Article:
The number of dedicated traffic police officers has fallen by nearly a third in 10 years, new figures reveal.
Experts have questioned how new laws, such as the ban on using mobiles while driving, can be enforced with 30 per cent fewer officers dedicated to policing the country's roads.
All 45 police forces in England and Wales were asked how many dedicated traffic officers they have today compared with five and 10 years ago.
The results reveal that the number is down 30 per cent since 2007.
In 2007 there were 3,766 traffic officers in posts in the forces which responded. In 2012 that figure stood at 3,472. By 2017 it had dropped to 2,643.
South Yorkshire Police does not know how many traffic officers it employed 10 years ago, but revealed there are 76 today compared to 78 five years ago.
In Derbyshire, the number of traffic officers has fallen by 49 per cent over the last 10 years, with 64 employed today compared to 87 in 2012 and 125 in 2007.
In West Yorkshire there are 133 in post now compared to 218 five years ago. The force does not hold details for the number employed in 2007.
The AA said the decline could see more drivers getting away with crimes.
A spokesman said: "We need more cops in cars, not fewer.
"The UK has among the safest roads in Europe, although the number of people killed and seriously injured on our roads has started to rise after many years of steady decline. Maybe there is a link?"
Responding to the figures, the Home Office said effective road policing is not just dependent on dedicated traffic officers, while the National Police Chiefs' Council (NPCC) pointed out that all officers were able to help traffic specialists.
In total, 30 forces released figures.
Of the rest, 11 did not hold data for the full 10 years and three had merged traffic into tri-force operations.
Labour's shadow minister for policing and crime - Sheffield MP Louise Haigh - said: "These savage cuts will deeply alarm the public as reckless drivers will feel able to offend with impunity."
She added: "There have been a number of new driving offences in the last few years, not least relating to phones and the new offence of causing serious injury by dangerous driving.
"The police don't stand a cat in hell's chance of pursuing and convicting people under these offences with ever-constrained resources."
Jason Wakeford, from road safety charity Brake, added: "On average, five people die every single day on our roads. This is unacceptable.
"The Government and police forces have to start treating road policing as a national priority and reverse the savage cuts to officer numbers."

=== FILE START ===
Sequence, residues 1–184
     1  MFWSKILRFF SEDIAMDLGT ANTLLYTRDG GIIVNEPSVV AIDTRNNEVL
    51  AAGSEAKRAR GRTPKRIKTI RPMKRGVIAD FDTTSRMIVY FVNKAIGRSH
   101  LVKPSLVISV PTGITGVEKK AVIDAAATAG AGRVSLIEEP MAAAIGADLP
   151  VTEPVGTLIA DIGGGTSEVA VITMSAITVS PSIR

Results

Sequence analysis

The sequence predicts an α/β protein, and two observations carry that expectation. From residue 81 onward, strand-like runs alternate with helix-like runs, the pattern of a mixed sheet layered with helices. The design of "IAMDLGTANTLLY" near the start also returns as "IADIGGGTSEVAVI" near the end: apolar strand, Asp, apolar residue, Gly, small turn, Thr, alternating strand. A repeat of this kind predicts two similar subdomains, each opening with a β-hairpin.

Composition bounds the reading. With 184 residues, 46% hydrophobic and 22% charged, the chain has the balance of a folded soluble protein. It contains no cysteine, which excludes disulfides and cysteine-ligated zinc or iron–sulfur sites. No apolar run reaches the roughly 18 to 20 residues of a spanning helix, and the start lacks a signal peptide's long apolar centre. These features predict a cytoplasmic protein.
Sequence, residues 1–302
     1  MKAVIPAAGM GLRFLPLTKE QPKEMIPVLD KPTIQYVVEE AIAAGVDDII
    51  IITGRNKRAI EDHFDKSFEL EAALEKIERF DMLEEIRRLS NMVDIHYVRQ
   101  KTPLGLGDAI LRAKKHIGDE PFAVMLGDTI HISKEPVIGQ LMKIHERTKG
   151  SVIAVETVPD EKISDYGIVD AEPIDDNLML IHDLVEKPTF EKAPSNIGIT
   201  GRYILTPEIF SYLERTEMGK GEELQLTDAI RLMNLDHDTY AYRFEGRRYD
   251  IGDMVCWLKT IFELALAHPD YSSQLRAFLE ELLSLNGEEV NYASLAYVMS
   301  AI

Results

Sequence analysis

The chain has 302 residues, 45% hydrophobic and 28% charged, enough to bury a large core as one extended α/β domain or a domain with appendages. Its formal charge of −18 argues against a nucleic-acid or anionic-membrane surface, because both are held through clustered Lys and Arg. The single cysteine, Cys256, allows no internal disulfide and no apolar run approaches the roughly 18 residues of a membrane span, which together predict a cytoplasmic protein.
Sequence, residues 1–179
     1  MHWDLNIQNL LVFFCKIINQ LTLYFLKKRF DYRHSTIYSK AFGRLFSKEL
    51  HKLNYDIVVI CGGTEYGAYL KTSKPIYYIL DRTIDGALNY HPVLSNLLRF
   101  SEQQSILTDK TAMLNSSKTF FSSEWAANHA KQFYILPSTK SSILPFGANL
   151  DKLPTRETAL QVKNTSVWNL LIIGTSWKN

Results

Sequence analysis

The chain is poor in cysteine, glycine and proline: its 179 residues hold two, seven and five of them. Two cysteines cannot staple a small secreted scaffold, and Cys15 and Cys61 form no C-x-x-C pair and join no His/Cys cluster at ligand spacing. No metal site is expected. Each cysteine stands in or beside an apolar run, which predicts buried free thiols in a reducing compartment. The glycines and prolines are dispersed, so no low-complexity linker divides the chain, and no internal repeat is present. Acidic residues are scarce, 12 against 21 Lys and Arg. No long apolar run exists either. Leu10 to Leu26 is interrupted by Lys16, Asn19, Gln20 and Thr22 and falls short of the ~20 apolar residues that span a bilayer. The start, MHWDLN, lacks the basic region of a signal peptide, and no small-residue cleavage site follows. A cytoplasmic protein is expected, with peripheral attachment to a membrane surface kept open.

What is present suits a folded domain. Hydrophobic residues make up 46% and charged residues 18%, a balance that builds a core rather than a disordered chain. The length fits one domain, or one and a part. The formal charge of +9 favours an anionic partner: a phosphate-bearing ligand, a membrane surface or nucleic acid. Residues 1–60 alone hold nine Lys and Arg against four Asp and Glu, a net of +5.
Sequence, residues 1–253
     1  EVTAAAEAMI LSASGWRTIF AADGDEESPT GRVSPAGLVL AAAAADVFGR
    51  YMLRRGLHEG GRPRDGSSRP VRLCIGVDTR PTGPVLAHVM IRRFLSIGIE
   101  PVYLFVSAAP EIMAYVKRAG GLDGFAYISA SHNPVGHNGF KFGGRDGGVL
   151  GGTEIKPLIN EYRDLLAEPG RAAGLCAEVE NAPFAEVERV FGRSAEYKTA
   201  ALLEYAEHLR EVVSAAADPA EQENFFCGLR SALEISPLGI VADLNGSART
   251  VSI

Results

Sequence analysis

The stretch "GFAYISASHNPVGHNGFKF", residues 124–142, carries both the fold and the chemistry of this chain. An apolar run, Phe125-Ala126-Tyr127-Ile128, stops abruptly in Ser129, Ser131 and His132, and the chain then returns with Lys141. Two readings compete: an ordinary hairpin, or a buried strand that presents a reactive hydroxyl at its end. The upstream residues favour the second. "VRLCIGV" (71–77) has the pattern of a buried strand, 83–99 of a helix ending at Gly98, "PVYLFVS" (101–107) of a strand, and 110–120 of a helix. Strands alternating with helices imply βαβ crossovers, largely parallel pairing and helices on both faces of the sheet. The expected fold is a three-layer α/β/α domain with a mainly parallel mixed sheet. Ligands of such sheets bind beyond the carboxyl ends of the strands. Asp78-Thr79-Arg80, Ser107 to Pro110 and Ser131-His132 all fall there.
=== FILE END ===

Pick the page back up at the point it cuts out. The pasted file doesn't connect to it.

West Mercia Chief Constable Anthony Bangham, who leads on roads policing for the NPCC, said: "Individual police forces decide how best to allocate resources and keep their communities safe.
"Some may choose to reduce the numbers of specialist traffic officers, but this does not mean that their roads are not adequately policed.
"They can deploy a range of resources, including Automatic Number Plate Recognition technology, targeted patrols using unmarked vans, high vantage points and helmet cams to catch offenders.
"All police officers are available to help those who are traffic policing specialists."
The Home Office said deployment of resources was a matter for chief constables and crime commissioners, who 'understand their operational needs better than anyone'.
A spokesman said: "The Government has protected overall police spending in real terms since the Spending Review 2015 and we will always ensure forces have the resources they need to do their vitally important work.
"Effective roads policing is not necessarily dependent on dedicated road traffic officers: the use of technology, other police personnel and local communities also have a role to play."
But Jayne Willetts, who speaks on roads policing for the Police Federation of England of Wales, which represents rank and file officers, said cuts meant specialist roads policing officers now face added demands.
"They are having to attend calls for help from the public in addition to patrolling the road network to target travelling criminality."
She added: "The introduction and use of new technology is welcome but the visibility of the police cannot be overstated as a deterrent and a reassurance to the public.
"Unfortunately the thin blue line is becoming too thin."